Fitch Ratings, the international rating agency, has today affirmed the sovereign ratings for Brazil as follows: long-term foreign currency ‘BB-‘; long-term local currency ‘BB-‘; short-term ‘B’.
According to Fitch, the outlook on the ratings remains stable. The ratings reflect a balance between the favorable trends in Brazil’s external finances and the risk that political gridlock could hamper improvements in public debt dynamics and constrain economic growth.
“Recent accusations of vote-buying involving the ruling PT party must be taken seriously,” said Roger Scher, Managing Director, Latin American Sovereigns, Fitch Ratings.
“We will wait and see if corruption investigations in Congress obstruct the budgetary process and in fact lead to fiscal slippage.”
The LDO budget guidelines bill and the 2006 budget due out in August will be key tests for this government.
Output growth figures in the second half of 2005 will indicate whether the negative political developments are having economic ramifications.
Officials of the PT party have been accused of bribing congressman for key votes, and coalition members of improper use of funds in the postal and reinsurance authorities.
The Lula government has acted to contain the negative fallout by dismissing some officials allegedly involved. Corruption investigations could prevent the passage of reforms and stymie the budgetary process, though Fitch does not expect any major fiscal or monetary policy slippage as a result.
A downside political scenario cannot be ruled out, however, in which key economic policy officials are implicated and forced to resign and some policy slippage ensues.
Difficulty getting important government positions confirmed by the Senate is possible; for example, in the event of the resignation of a central bank board member. Uncertainty about the outcome of the October 2006 national elections has increased as well.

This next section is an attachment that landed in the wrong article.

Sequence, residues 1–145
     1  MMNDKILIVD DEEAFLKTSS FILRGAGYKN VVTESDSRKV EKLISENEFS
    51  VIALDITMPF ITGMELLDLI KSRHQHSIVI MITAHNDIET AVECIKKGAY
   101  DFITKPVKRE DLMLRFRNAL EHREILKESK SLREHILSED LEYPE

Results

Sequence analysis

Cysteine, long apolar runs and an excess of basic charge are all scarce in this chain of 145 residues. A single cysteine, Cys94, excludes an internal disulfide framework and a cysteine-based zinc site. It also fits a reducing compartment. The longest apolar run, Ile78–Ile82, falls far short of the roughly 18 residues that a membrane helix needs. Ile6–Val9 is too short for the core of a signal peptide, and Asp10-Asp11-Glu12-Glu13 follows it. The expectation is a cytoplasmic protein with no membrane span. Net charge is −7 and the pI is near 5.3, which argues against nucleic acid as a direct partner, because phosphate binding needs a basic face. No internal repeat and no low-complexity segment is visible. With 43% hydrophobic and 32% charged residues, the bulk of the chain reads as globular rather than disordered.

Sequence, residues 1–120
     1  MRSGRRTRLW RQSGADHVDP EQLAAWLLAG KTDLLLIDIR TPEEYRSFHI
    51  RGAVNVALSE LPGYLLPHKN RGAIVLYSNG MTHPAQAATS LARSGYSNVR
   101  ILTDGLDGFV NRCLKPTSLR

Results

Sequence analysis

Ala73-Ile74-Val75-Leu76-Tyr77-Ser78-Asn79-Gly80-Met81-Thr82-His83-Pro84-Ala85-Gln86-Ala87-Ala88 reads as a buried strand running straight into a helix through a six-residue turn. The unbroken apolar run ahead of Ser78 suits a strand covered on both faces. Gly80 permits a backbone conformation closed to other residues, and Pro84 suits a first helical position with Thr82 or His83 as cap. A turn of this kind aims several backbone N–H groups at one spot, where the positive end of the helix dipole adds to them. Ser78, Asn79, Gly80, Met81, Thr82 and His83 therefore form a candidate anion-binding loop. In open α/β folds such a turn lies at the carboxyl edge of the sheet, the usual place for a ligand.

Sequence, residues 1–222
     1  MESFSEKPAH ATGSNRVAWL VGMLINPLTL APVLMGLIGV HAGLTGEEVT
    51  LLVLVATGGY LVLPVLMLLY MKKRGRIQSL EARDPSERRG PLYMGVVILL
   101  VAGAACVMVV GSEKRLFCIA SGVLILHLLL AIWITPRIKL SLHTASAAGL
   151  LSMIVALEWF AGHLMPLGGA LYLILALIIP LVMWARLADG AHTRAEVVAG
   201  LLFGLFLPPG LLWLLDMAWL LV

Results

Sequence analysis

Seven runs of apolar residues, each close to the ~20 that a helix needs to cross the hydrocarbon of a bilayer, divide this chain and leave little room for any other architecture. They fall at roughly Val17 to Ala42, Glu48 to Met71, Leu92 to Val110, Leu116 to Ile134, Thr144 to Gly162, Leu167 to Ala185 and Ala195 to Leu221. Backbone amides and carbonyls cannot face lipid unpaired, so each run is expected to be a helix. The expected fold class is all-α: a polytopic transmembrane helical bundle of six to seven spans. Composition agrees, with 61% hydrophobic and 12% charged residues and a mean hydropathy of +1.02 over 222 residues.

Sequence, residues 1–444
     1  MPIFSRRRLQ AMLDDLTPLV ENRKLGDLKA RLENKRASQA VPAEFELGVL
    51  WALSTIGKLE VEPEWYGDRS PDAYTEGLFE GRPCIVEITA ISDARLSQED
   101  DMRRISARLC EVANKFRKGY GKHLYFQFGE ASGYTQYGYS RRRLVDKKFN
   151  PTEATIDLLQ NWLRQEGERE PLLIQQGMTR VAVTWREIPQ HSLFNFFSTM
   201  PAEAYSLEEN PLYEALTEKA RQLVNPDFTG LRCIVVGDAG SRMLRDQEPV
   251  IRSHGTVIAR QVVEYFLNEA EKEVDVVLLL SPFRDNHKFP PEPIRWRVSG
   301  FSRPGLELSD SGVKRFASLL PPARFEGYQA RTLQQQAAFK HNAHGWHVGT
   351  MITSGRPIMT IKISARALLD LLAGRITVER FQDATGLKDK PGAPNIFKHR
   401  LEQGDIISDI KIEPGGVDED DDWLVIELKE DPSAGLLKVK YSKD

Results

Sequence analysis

Brazilian balance of payments performance continues to be favorable, with annual export growth over the last 2 1/2 years averaging 27%.
However, certain commodity prices (for steel and agricultural goods) have moved lower, global growth is softening, and the Brazilian Real has strengthened, resulting in signs of slower Brazilian export growth.
“Given the time lag of the effect of the exchange rate on trade performance,” said Scher, “Fitch will closely watch fourth quarter export figures as an indication of the sustainability of Brazil’s quite striking export growth story.”
Export growth and a paydown of external obligations have driven improving performance on one of Fitch’s key external solvency indicators.
Net External Debt (NXD) to Current External Receipts (CXR) is expected to fall to just over 100% by year-end 2005 and 90% next year from 233% in 2002, though this still lies well above the forecast 2005 ‘BB’ median of 43% for this indicator.
On public finances, last year the Lula government outperformed its original primary budget surplus target of 4.25% of GDP, achieving 4.58% on strong tax revenue growth.
Nevertheless, given how robust 2004 GDP growth was (4.9%) and how high 2004 general government (GG) debt was (75.3% of GDP), perhaps more of the windfall could have been saved.
GG debt to GDP compares unfavorably to the ‘BB’ median of 51.2%; but relative to GG revenues, at 200%, GG debt is lower than the ‘BB’ median of 235%. Furthermore, Brazil’s government has nearly 10% of GDP in liquid deposits at the central bank.
“With inflationary pressures ebbing, real interest rates could move lower later this year,” said Scher. “This is important because without lower rates and sustained higher GDP growth, the government debt-to-GDP ratio may not fall markedly in the near future.”
Fitch will hold a conference call on the Brazil, discussing recent corruption investigations as well as the ratings affirmation on Wednesday, July 13, at 10:30 a.m. EDT (3:30 p.m. GBT).
Fitch Ratings – www.fitchratings.com